Pagcor: Stricter rules needed to control Pogo

Pagcor: Stricter rules needed to control Pogo

Pagcor: Stricter rules needed to control Pogo

PROBE The Pampanga provincial board, led by Vice Gov. Lilia Pineda, conducts its second hearing into the illegal and criminal activities of a Philippine offshore gaming operator that authorities
raided in Porac town early this month. —TONETTE T. OREJAS

CITY OF SAN FERNANDO — An official of the Philippine Amusement and Gaming Corp. (Pagcor) has recommended the imposition of additional requirements to enable the national government and local government units (LGUs) to stop the illegal activities of Philippine offshore gaming operators (Pogo) in the country.

“Mas maraming dapat gawin (There are many tasks to do),” lawyer Jessa Mariz Fernandez, assistant vice president of Pagcor offshore gaming licensing department, told Pampanga Vice Gov. Lilia Pineda as the provincial board wrapped up its second hearing into the illegal operations of Lucky South 99 Outsourcing Inc. on Friday here.


The Presidential Anti-Organized Crime Commission (PAOCC) raided Lucky South’s 10-hectare compound in the boundaries of Porac and Angeles City on June 4 and June 5 over reported human trafficking, torture, and money scams. PAOCC representatives failed to attend Friday’s hearing.


Interviewed by the Inquirer after the five-hour hearing, Fernandez said the registration process of Pogos in the Securities and Exchange Commission (SEC) should be more stringent while the internet provider of these hubs should be declared and should agree to terminate the service after reports of illegal activities.

READ: Pogo posed as BPO, duped local gov’t — Porac execs

She also suggested tighter coordination with local governments, starting from the application to the cancellation of the license.

Section 10 of Republic Act No. 9487, which introduced amendments to the Pagcor law, did not include the provincial governments in the regulation of gaming establishments. The law, however, states that Pagcor should deal with city and municipal governments, an Inquirer research showed.

Fernandez told the board that the license of Lucky South had expired in 2023. The license covered only a single building, not the other 45 structures constructed within the fenced property in Barangay Sta. Cruz.

She said that when the firm reapplied in 2024, the license was not approved, making its continued operations in Porac illegal.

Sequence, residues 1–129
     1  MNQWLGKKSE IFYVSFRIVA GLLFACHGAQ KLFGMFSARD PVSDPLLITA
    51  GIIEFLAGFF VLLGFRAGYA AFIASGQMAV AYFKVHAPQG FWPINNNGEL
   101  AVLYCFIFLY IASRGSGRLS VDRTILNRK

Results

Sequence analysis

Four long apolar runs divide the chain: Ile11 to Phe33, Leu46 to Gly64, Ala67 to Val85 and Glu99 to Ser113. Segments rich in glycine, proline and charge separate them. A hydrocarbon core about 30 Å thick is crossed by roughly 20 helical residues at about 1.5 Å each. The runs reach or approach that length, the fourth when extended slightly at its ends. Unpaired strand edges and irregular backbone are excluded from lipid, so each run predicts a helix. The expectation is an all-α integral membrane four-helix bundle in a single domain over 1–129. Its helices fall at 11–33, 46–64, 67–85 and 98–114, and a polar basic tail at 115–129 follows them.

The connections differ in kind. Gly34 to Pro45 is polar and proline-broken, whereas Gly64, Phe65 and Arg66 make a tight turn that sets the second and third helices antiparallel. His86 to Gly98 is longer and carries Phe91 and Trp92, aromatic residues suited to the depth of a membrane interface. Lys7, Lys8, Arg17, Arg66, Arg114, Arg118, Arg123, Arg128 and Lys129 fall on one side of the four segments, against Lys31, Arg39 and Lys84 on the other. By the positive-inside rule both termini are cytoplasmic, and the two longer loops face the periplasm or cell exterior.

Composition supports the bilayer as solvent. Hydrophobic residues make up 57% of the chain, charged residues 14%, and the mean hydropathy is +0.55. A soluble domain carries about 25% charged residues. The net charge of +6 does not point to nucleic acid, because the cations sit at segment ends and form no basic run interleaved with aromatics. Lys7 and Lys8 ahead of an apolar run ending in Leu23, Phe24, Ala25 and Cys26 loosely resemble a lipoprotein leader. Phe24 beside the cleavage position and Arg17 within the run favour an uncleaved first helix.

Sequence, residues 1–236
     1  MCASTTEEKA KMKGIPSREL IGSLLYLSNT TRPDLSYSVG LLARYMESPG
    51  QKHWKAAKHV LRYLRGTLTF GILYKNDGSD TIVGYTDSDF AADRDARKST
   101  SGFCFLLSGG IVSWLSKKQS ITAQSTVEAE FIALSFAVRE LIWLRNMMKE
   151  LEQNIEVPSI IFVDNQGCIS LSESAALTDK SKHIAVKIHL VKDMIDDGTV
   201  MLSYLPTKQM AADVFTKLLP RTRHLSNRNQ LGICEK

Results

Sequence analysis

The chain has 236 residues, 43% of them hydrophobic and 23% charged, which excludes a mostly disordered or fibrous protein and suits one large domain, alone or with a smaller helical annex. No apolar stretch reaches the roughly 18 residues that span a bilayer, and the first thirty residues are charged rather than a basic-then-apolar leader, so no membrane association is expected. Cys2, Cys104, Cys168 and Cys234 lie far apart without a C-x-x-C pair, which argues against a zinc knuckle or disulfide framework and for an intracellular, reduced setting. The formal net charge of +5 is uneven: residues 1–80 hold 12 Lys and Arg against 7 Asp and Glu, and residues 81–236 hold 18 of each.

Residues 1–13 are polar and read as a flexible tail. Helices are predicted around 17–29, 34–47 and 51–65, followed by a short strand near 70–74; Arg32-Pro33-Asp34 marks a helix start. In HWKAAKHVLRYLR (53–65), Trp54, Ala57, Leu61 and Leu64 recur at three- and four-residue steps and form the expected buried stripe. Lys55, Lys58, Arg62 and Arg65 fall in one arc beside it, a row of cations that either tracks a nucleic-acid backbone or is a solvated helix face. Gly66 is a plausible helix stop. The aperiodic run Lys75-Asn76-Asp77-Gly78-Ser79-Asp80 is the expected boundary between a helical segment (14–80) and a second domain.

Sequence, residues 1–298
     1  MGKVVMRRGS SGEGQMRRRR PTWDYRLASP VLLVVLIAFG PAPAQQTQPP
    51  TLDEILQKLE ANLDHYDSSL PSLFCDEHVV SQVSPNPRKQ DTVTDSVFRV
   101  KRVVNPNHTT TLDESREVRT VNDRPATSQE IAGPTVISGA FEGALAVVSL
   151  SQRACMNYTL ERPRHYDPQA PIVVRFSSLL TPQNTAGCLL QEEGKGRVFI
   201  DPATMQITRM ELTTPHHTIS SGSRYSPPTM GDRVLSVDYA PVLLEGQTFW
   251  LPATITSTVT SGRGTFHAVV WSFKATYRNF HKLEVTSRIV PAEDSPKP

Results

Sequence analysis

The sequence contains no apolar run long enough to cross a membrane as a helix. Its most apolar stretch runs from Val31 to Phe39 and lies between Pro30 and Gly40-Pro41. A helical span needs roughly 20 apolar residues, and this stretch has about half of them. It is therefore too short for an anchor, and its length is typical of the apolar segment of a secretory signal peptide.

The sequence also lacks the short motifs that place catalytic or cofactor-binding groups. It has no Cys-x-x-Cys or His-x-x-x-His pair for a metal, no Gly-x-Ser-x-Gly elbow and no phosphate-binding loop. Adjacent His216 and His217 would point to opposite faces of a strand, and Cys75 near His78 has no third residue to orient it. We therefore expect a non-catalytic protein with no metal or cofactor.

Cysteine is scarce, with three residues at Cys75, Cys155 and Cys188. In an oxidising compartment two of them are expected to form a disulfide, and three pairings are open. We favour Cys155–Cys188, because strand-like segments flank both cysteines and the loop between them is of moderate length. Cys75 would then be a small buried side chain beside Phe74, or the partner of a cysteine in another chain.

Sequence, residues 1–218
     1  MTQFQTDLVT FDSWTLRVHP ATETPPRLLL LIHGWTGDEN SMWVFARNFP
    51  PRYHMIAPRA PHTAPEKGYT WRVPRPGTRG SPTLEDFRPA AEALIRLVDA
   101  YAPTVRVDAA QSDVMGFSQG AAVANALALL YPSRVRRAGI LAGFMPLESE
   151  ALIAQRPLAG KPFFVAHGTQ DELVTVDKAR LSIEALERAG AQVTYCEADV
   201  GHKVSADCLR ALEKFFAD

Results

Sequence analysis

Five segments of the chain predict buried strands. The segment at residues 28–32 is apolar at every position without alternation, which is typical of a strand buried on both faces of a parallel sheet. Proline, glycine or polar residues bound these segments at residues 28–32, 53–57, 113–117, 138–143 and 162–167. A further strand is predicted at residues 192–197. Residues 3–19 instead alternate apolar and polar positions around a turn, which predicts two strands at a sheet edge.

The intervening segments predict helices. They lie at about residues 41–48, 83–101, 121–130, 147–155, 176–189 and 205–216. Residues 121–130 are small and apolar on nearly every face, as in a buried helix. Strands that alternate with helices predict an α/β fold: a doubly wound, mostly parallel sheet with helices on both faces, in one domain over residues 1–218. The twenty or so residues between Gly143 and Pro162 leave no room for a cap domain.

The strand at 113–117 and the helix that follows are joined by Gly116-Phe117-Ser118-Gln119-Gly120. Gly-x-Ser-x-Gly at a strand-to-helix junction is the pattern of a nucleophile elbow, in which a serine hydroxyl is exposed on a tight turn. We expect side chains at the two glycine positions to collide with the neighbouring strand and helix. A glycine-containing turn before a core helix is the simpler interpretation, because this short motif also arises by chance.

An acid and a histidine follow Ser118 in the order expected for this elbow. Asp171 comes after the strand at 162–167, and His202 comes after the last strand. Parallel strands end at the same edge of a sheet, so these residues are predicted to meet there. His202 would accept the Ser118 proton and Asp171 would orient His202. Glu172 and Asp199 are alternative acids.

One and the same

Porac Mayor Jaime Capil complained that during the five years that Lucky South did business in his town, Pagcor had “not communicated” with the local government on the status of the firm’s operation.

“I was never informed [of the status of Lucky South],” he said.

Board Member Ananias Canlas Jr., a lawyer, said the board had unmasked the corporate veil on Whirlwind and Lucky South.

“It has the same incorporators,” he noted, showing SEC documents. Supposedly, the Cruz family sold the land to Whirlwind, which in turn leased the land to Lucky South.

Stephanie Mascareñas, an incorporator of Lucky South who was invited to the hearing, confirmed she had a paid up capital of P9 million, that was settled in cash.

READ: Bad for relations: China presses PH to ban Pogos

But in the hearing, she denied that the money was hers and told board members that she allowed herself to be used in exchange for continued employment after her stint in Dragon Wealth, a service provider for Lucky South in 2019.

The Department of Labor and Employment reported issuing alien employment permits to 149 Lucky South workers while the Bureau of Immigration (BI) granted tourist visas to 883 foreigners, mostly Chinese, with links to the Pogo firm.

Apalit Mayor Oscar Tetangco Jr. urged the BI to arrest the 643 foreigners who might have escaped during the two raids.

Lost revenues

The provincial government has lost revenues from real property taxes initially estimated at P50 million. “We shall demand payments,” Canlas said.

Pineda saw red flags when the Angeles Electric Co. reported that Lucky South incurred a monthly bill of P12 million.

Another red flag surfaced when a compound in Barangay Señora, also in Porac, was discovered to also host a mansion being used by Lucky South. The board learned that the house was constructed without a building permit and was registered to one of the helpers working for Lucky South.

The Pampanga chapter of the League of Municipalities of the Philippines has submitted to the board a resolution supporting the banning of Pogos in the province.

Lucky South, according to Pineda, “damaged the reputation of Pampanga.”

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She asked the Department of the Interior and Local Government to refresh local executives on the provisions of the Local Government Code of 1991 to help them assert their visitorial rights over suspicious establishments and personalities amid what she called “lapses” by Porac officials and several department heads in issuing permits and conducting inspections.

TAGS: Pagcor, pogo, Porac

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